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Physical disability is defined as a “limitation on a person’s physical functioning, mobility, dexterity or stamina” that has a ‘substantial’ and ‘long-term’ negative effect on an individual’s  ability to do normal daily activities. (Equality Act,2010).  However, the effects of physical disability on a persons experience of life and learning varies even for children with the same diagnosis or condition.

For some the influence of their physical impairment may be mild, whilst for others, the effect  may be profound impacting on every aspect of development. For others, their disability may be hidden, such as arthritis, or very evident necessitating a range of individual equipment and assistance from others.  Others may have degenerative conditions or their symptoms may fluctuate across the day.  Some children and young people will have additional difficulties which could include visual or hearing impairment, autistic spectrum conditions, epilepsy or additional medical, communication or learning needs.

Every child or young person with physical disability is unique, but their physical needs are generally likely to come from:

• physical, metabolic or neurological causes, e.g. Cerebral palsy or achondroplasia
• degenerative conditions, e.g. Duchenne muscular dystrophy
• severe trauma, e.g. as a result of an accident, amputation or serious illness
• chromosomal disorder, e.g. Turner syndrome, TUBB4A or Ehlers-Danlos syndrome
• acquired brain injury (ABI)
• muscular skeletal conditions
• birth trauma and prematurity
• upper limb differences affecting hand function and fine motor movement
• lower limb differences affecting mobility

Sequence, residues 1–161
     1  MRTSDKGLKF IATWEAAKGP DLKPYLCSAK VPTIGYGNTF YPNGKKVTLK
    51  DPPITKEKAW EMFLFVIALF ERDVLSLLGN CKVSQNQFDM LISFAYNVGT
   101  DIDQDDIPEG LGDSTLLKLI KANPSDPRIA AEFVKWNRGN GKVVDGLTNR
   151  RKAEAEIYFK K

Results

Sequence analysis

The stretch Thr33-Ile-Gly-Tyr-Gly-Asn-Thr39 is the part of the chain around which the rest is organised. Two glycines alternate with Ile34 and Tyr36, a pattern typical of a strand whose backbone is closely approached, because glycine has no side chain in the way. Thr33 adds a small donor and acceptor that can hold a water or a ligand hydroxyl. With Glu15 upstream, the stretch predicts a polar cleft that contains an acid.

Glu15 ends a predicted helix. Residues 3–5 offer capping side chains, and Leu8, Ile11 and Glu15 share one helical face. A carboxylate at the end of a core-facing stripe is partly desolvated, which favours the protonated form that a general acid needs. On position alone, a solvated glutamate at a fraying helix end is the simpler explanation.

• complex medical needs which impact on physical function
• persistent symptoms affecting mobility and physical function, although there is no diagnosis

Whilst every individual is affected by their unique physical needs in a different way children and young people with a physical disability may often have difficulty in:

• accessing the physical environment
• using equipment and facilities safely
• taking part in learning tasks and assessments
• doing practical tasks and activities, e.g. food technology
• recording ideas and thoughts legibly or to time
• achieving independent work
• developing self-care skills
• communicating with others
• managing fatigue and pain
• interacting socially
• processing and regulating sensory information
• developing positive social emotional mental health (SEMH) & wellbeing

However, with the right support, knowledge and understanding coupled with high expectations and careful planning and a CAN DO attitude children and young people with physical needs can achieve the same as their peers.

“It will always be a challenge to meet the expectations of parents and the needs of all children and young people, especially in a context of constrained resources. The barriers faced by some children are very significant, and it requires skill and sensitivity from professionals working together to overcome them. However, there is a need for a continuing focus on and the highest expectations for disabled children and young people and those with special educational needs.”

Special Educational Needs and Disability Review: A Statement is Not Enough, Ofsted, 2010